A dance group who pride themselves on representing east London will perform live for the public vote on Sky 1’s Got to Dance semi-finals this Sunday.
Unity UK, the grime and street hip-hop crew, are hoping to secure a spot in the finals to be in with a chance of winning the £250,000 prize.
The 12-strong group of 17 to 25 year olds were put together by dancer and choreographer Tashan Muir, 25, from Walthamstow, in 2005. Tashan, who has lived in east London all of his life, also teaches Unity Youth, a younger crew who made it to the semi-finals of Got to Dance series one.
The piece Unity UK will perform on Sunday is called ‘The Hunger of East London’. Muir said: “It will show everyone how hungry we are to get into the final. There is more grime, more Kano, more tricks, faster routines, its going to be explosive!
“Grime originally comes from East London and so does Kano, so I wanted to add all of these east London elements together to create the ultimate representation of our culture.”
Molly Boulding, 17, from Swanscombe, joined Unity UK last year. She said: “When we found out we were through to the semi finals I cried, just the excitement of being told yes was amazing.
“I’m a little nervous for the show but all I have to do is make sure I do my best and make Tashan proud; then I know I have achieved my goal.”
Tia Anderson, 18, Bexleyheath, who has been with Unity since 2008, said:
“I feel extremely excited yet nervous about the semi finals as they are live, therefore anything could go wrong.” To ensure Unity get through to the finals everyone has sacrificed their social lives, she added: “We literally eat, sleep and dance at the moment and it’s intense!”
Boulding, who has been dancing since the age of 11, said the support has been amazing: “So many people of all ages, areas, races, genders are showing love towards Unity UK and we are very thankful for it.” Anderson added: “From receiving over 50,000 views on Youtube to people recognising us on the bus and asking for an autograph, it feels a bit strange, but it’s lovely to know that people understand and support what we are doing.”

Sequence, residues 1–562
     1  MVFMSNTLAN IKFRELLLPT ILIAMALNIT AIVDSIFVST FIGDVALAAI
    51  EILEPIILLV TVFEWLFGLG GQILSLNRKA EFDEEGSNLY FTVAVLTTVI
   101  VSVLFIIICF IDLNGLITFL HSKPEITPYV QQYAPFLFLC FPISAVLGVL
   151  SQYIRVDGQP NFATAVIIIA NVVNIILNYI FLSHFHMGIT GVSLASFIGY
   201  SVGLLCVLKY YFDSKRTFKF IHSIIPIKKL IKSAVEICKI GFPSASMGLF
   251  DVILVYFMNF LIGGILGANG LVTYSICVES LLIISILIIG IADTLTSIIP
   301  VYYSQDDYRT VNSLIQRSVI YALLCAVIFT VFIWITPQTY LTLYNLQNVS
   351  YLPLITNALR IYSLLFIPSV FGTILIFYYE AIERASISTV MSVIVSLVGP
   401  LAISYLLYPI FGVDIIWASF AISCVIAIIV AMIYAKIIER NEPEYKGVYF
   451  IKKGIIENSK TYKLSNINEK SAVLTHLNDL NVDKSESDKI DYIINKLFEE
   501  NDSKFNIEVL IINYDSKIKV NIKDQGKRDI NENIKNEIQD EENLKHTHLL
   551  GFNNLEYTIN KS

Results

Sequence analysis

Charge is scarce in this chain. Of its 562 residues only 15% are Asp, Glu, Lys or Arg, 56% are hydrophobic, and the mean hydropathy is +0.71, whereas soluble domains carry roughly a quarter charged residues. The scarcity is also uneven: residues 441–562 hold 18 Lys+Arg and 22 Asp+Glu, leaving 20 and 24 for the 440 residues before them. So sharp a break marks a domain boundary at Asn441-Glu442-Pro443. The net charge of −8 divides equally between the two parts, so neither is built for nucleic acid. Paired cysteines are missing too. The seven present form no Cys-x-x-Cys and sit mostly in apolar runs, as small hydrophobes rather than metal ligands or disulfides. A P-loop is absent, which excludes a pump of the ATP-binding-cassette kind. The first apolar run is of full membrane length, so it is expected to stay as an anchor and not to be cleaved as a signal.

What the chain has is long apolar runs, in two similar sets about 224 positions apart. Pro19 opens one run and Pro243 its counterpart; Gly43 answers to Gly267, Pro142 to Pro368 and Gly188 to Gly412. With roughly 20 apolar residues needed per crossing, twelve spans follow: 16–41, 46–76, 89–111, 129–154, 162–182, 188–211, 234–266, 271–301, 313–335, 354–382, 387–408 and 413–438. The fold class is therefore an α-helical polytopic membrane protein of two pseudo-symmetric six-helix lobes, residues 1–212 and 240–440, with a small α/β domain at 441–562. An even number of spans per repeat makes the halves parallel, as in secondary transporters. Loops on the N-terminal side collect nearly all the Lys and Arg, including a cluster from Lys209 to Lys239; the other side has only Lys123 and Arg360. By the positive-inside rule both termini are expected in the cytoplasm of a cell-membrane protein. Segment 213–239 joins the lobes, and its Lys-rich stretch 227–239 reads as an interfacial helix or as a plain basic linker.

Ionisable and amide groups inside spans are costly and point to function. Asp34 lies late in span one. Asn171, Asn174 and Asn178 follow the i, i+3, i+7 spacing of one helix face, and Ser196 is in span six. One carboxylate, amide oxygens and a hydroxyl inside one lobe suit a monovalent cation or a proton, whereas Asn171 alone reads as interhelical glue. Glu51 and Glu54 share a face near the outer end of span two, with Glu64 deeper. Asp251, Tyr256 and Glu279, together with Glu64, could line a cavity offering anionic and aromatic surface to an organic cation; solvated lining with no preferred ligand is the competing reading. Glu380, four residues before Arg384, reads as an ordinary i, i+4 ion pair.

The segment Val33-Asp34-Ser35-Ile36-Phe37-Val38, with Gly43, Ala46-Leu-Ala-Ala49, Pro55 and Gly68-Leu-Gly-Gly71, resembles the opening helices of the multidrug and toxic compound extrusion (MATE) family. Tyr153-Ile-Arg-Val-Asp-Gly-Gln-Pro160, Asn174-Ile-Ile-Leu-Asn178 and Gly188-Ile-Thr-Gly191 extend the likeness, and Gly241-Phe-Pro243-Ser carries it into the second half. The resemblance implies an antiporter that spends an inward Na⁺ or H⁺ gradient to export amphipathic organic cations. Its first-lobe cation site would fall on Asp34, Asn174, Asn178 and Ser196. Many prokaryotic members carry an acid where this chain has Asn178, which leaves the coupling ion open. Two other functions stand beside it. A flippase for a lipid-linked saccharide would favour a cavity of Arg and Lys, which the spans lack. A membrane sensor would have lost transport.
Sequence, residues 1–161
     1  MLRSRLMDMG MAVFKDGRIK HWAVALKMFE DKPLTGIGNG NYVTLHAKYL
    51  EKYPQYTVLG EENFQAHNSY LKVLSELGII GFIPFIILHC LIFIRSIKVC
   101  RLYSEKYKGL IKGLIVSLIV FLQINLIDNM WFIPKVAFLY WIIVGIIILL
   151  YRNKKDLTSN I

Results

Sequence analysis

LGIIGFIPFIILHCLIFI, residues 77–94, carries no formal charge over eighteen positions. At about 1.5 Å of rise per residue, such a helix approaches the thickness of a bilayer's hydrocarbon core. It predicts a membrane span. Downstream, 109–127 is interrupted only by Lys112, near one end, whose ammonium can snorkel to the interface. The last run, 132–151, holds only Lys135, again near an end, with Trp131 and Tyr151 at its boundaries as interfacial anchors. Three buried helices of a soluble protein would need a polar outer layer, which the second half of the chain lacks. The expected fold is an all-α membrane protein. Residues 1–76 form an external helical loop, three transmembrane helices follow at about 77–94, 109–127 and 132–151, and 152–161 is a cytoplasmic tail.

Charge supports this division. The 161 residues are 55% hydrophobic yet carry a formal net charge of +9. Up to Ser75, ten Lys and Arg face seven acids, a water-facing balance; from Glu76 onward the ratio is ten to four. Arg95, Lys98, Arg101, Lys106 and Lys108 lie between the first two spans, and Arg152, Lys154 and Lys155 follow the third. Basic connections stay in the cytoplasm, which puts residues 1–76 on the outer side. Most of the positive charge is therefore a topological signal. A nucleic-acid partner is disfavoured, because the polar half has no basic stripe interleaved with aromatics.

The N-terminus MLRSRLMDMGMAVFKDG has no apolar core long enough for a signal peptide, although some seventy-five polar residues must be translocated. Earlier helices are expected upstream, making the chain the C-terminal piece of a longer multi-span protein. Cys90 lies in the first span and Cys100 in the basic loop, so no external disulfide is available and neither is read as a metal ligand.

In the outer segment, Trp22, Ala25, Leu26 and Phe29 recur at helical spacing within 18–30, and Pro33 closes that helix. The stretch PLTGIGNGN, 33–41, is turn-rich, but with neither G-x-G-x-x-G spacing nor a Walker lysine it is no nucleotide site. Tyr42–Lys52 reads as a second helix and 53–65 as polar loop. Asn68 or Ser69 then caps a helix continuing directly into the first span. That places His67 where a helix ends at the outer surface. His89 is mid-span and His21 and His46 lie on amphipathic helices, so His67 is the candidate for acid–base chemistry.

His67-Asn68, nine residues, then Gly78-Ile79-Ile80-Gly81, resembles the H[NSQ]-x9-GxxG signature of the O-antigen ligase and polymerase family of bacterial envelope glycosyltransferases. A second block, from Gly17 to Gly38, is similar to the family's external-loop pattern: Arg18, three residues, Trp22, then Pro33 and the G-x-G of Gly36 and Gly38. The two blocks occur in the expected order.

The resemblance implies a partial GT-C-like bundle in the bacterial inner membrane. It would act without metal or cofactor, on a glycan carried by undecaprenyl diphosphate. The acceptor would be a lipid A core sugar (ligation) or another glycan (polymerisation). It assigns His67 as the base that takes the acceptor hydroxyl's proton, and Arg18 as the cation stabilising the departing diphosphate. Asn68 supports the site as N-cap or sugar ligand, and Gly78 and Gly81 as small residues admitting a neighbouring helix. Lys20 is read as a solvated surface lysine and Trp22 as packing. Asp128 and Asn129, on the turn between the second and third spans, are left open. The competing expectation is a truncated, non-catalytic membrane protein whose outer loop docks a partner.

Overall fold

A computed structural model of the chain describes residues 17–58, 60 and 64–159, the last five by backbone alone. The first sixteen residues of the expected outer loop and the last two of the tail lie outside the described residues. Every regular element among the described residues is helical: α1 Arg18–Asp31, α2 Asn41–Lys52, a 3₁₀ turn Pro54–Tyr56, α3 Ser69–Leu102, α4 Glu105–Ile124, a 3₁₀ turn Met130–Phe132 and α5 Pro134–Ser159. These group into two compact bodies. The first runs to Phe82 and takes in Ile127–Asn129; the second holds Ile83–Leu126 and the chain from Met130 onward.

The group train in Maryland, Stratford and Forest Gate. Muir said: “It’s very important for us to represent east London as we are there everyday rehearsing.
“Also with the Olympic games coming to our area, the whole world will be watching east London so we want the world to see what talent lies in the streets of Stratford.”
The judges were blown away by the group’s performance at the auditions, where they received 3 gold stars and a standing ovation.
Judge and front runner of dance group Diversity, fellow east Londoner Ashley Banjo, said at the audition it was an “original, brave concept” to do grime in this way. He added: “It’s not easy music to sit on. It’s fast, it’s tough, but you guys did it brilliantly.”
“I think as far as street goes, you are on a par with my favourite street dancers in this competition.”
Winning Got to Dance would set the company up for life, enabling Unity to open up their own studio, said Anderson. Boulding added: “To win the show would mean the world to us; especially a big competition like this, it would be a dream come true.”
Tune into Sky 1 at 6pm this Sunday to see if Unity UK makes it to the finals at London’s Olympia on March 3rd.